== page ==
WASHINGTON — President Biden on Wednesday defended the Centers for Disease Control and Prevention, amid mounting criticism of the agency’s repeated struggles to communicate basic public health guidance.
But instead of conceding that the agency is fundamentally flawed, or that his top health officials have underperformed, Biden attributed the communications issues to the ever-changing nature of the Covid-19 pandemic, and of science itself.
“The messages, to the extent they’ve been confusing — it’s because the scientists, they’re learning more,” Biden said during a nearly two-hour press conference.
At no point, though, did the president acknowledge that some elements of his administration’s pandemic response have little to do with evolving science. Instead, his remarks echoed a consistent refrain of CDC Director Rochelle Walensky, and of the public health community more broadly: That it’s nearly impossible to issue good guidance without good facts.
Indeed, public health officials have dealt with a constantly changing landscape since Covid-19 was first observed in China in late 2019. Thanks to researchers across the world working at breakneck speed, experts learn more almost every day about how Covid spreads, the effectiveness of masks and vaccines, the characteristics of new viral variants, and which individuals are most vulnerable to severe disease and death.
Biden acknowledged, unprompted, that the CDC has borne the brunt of criticism. But, in defending Walensky, he relied on the same rationale — that she’s learning on the job.
“The one piece that’s gotten a lot of attention is the communications capacity of the CDC,” he said. “Well, she came along and said: ‘I’m a scientist, and I’m learning, I’m learning how to deal with stating what is the case that we’ve observed.’”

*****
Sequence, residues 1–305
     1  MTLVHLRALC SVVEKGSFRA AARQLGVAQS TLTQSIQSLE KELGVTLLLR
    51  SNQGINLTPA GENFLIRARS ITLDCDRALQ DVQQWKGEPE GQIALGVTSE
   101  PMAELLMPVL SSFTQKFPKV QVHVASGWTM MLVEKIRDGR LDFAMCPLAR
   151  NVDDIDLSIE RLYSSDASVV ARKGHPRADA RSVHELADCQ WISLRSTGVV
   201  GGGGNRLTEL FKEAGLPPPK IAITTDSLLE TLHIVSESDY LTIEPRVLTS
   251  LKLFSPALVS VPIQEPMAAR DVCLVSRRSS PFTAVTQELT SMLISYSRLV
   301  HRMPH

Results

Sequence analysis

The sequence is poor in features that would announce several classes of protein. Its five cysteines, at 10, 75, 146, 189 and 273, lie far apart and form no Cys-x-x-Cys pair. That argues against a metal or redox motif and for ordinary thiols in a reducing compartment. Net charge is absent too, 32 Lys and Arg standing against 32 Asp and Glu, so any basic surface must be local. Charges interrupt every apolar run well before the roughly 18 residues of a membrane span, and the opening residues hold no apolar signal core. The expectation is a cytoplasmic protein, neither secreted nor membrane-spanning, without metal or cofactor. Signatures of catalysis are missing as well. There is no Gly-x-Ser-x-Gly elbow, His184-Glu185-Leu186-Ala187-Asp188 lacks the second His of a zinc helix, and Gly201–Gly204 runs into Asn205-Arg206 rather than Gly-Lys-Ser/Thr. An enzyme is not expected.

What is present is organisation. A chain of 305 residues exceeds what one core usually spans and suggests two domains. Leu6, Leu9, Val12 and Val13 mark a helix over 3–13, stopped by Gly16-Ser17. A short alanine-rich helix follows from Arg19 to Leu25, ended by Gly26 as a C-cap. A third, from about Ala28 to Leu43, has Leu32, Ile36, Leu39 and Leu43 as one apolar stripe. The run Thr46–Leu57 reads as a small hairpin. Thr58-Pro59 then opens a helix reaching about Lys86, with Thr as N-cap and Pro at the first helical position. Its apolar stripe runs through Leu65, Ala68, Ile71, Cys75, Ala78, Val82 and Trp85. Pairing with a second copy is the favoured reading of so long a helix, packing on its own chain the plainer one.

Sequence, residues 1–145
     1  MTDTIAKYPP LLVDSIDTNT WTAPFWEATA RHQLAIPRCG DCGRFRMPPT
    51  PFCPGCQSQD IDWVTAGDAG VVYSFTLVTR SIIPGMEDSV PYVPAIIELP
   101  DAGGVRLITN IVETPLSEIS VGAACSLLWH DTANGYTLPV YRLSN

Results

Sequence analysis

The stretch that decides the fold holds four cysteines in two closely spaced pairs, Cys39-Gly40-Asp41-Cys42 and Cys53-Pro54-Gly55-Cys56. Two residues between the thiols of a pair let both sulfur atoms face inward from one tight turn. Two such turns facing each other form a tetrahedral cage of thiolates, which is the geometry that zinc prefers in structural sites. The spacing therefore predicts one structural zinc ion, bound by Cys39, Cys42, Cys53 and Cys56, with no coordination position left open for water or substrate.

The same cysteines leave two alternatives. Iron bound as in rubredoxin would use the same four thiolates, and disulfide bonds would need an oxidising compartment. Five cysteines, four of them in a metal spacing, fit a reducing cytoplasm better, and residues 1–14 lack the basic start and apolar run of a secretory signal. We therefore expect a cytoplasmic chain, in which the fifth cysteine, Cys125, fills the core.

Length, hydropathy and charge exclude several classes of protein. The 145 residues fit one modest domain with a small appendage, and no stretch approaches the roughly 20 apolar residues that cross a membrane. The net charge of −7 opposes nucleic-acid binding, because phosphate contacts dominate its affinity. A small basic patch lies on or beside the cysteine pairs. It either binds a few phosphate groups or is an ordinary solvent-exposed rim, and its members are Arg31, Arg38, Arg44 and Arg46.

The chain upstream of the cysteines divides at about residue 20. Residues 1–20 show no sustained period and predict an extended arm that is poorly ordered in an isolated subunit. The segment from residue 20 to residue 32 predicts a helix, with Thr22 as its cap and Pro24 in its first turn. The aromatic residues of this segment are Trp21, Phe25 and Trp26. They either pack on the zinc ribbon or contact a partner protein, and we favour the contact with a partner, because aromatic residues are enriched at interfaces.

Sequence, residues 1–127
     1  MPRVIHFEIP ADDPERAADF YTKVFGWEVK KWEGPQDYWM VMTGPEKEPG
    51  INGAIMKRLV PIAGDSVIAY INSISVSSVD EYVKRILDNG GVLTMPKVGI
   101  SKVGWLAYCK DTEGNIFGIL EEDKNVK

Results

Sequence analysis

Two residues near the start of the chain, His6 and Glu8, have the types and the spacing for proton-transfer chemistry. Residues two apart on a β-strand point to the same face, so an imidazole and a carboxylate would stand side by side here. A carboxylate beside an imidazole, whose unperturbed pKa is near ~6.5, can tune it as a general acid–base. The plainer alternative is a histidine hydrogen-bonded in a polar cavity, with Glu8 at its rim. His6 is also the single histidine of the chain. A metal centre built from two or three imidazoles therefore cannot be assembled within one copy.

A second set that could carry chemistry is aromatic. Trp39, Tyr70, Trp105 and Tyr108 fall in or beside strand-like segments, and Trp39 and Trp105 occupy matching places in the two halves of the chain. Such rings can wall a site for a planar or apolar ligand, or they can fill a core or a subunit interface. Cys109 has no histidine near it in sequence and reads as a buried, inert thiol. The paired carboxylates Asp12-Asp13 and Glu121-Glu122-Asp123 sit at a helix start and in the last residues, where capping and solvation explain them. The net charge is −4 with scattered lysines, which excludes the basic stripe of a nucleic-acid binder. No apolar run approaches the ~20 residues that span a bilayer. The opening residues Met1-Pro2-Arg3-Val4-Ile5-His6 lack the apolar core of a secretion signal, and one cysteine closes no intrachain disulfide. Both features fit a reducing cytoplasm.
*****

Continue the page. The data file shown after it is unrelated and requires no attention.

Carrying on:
In many cases, Biden’s defense rings true. Walensky weathered heavy criticism, for instance, for issuing new mask guidelines in early summer, only to reverse course in light of the emerging Delta variant.
Biden’s comments, however, failed to concede that his administration’s most calamitous missteps have come when its guidance defied both settled science and common sense.
It took the CDC, for instance, nearly two years to acknowledge what Americans have long concluded: That surgical masks or N95 respirators are more effective at preventing Covid than loose-fitting pieces of cloth.
Three weeks ago, the agency changed its guidelines for people who test positive for Covid-19, granting them permission to end their self-isolation period after five days — even without a negative test, so long as they are “asymptomatic or their symptoms are resolving.” (Data now show that many people remain infectious past five days, and in fact, that the fifth and sixth days after symptom onset are often among the most infectious).
And as recently as last month, White House press secretary Jen Psaki openly mocked the concept of sending out at-home Covid tests by mail, free of charge, asking sarcastically at a press conference: “Should we just send one to every American?” After immense criticism, the White House did a 180 — registration to receive free Covid-19 tests opened Tuesday.
The president never allowed that his pandemic response team — namely Walensky, chief medical adviser Anthony Fauci, Surgeon General Vivek Murthy, and Covid-19 coordinator Jeff Zients — had fallen short.
“This is an unfolding story,” Biden said. “It’s the nature of the way diseases spread.”
Biden went further, too. At one point, he appeared to suggest that the media was overly focused on the negative aspects of his administration’s pandemic response, and was ignoring, for instance, the record-setting pace of vaccine development. (Pfizer and Moderna, the two largest U.S. vaccine manufacturers, developed, tested, and received authorization for their immunizations during President Trump’s administration, not Biden’s.)
“Think about how astounding it was, within the time frame it took, to be able to come up with a vaccine,” Biden said. “You used to write about that. Pretty amazing how rapidly they came up with a vaccine that saved hundreds of thousands of lives.”
But he conceded that the vaccine, of course, wasn’t a cure-all.
“Did everything get right?” he asked. “No. And by the way …”
He didn’t elaborate.